Who is a cricket umpire and what is umpiring
They are the men who never win the toss. While most of the players in a five-day Test match will be hoping the coin comes down in their favour so they can sit with their feet up for the best part of two days, the umpires know that they will be making their way out to the middle ready for the first ball and, five days later, will be the ones who take off the bails for the last time in the match. Apart from good eyesight and hearing, an unsurpassed knowledge of the Laws of Cricket and their interpretation and the judgement of Solomon, great physical stamina and concentration are required before anyone can contemplate donning the white coat.
The thickest of skins is no bad thing either, for the umpires’ decisions usually elicit praise and scorn in equal measure. For every batsman who thinks it was slipping down the leg side, there is a bowler convinced it was knocking over all three stumps. The umpire’s job is to sum up the evidence and give the decision that he believes to be right in the twinkling of an eye. Furthermore, in a Test match he will do so knowing that everyone else, with the benefit of 20:20 hindsight and a multitude of cameras trained on the action from every angle, will be instantly aware of any mistakes. One of the great surprises of cricket is that, more often than not, all the modern technology proves that the umpire was right.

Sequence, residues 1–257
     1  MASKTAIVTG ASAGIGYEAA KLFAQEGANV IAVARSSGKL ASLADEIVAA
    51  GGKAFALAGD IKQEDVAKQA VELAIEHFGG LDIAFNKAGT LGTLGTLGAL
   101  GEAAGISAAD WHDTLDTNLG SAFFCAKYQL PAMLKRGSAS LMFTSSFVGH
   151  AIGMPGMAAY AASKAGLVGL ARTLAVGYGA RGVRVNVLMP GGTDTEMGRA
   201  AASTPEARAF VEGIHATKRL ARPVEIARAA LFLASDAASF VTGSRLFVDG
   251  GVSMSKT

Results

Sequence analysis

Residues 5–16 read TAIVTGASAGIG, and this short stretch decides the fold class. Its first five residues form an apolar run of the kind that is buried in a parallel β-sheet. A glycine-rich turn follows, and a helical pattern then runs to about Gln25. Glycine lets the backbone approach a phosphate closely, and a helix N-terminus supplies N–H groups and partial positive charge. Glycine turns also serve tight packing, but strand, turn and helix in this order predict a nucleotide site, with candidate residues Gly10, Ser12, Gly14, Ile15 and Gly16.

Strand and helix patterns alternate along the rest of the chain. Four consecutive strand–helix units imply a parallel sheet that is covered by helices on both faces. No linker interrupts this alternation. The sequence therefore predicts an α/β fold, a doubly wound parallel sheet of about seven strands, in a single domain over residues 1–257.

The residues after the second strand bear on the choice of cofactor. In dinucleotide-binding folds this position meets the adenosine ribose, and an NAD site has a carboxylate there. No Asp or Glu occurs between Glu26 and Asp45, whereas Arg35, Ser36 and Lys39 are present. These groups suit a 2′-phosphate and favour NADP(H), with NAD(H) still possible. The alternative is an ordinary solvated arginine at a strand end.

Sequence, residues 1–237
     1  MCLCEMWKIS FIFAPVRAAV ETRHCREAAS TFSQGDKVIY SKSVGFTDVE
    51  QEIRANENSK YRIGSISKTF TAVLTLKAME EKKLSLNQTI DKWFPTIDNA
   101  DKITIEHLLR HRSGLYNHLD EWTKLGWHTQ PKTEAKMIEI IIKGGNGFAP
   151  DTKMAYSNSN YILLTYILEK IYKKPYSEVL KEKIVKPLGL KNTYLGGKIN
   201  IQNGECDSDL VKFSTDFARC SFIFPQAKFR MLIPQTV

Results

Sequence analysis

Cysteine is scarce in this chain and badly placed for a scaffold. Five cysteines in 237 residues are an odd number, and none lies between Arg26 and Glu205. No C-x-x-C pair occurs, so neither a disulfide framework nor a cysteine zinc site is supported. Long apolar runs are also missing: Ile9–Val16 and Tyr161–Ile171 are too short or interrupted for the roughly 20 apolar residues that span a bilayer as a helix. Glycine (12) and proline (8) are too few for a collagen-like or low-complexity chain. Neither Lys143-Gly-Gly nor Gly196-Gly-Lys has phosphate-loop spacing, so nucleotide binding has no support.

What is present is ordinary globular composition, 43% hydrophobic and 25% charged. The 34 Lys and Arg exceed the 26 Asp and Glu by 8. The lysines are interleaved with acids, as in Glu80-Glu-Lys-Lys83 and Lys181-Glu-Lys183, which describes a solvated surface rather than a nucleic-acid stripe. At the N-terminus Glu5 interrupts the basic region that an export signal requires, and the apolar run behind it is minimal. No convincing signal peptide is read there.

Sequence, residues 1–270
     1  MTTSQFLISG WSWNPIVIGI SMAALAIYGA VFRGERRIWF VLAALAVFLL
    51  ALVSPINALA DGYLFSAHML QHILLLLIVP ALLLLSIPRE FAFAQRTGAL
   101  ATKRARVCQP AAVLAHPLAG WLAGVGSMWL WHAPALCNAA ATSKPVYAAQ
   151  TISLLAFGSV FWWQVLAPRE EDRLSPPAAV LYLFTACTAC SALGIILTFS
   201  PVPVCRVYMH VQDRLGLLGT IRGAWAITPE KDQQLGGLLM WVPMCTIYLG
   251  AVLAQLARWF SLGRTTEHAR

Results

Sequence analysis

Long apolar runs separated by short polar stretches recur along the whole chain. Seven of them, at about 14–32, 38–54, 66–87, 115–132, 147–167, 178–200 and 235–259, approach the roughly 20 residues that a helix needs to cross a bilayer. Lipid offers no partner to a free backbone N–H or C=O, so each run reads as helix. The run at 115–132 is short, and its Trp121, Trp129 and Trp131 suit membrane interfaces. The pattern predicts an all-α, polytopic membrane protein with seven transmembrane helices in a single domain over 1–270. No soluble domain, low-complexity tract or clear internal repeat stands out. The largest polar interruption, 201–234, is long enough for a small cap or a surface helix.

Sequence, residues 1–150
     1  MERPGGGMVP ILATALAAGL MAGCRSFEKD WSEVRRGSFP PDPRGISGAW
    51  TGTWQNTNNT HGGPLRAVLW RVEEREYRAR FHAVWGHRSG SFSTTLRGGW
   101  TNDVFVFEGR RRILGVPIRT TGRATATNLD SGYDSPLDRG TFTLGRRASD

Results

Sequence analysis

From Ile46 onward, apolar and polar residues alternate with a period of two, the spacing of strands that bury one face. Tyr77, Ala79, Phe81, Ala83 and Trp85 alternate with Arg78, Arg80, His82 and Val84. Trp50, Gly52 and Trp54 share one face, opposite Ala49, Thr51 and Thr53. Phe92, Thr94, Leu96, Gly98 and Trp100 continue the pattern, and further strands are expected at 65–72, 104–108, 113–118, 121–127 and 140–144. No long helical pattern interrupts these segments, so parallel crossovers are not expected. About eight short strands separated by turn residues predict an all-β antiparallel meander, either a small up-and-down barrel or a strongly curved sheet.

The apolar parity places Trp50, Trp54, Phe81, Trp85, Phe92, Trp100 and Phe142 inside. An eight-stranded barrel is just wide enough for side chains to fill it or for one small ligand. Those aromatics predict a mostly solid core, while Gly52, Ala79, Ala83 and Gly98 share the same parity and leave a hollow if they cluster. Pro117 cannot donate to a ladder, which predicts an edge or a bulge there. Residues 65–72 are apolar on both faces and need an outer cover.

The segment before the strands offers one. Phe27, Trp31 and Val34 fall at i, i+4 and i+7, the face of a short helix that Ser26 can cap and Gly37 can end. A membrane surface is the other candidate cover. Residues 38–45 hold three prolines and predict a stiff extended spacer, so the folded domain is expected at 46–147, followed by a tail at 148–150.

Naturally, the odd howler makes the headlines, but the overall balance is vastly in favour of the umpire. If the players who complain made as few mistakes as the umpires, they would be rewriting the record books. Players are meant only to appeal if they think the batsman is out but, if that is the case, there are some very poor judges playing the game, or they are trying to claim wickets that they know are not out. It would be interesting to know if they consider themselves to be incompetent or cheats.
At the lower levels of the game, the umpire can never be proved wrong. Others might have different opinions, but the Laws of Cricket will back him up in that the outcome of any appeal depends on the umpire’s opinion. Once we start considering what happens in the international arena, a new dimension is introduced, that of technology.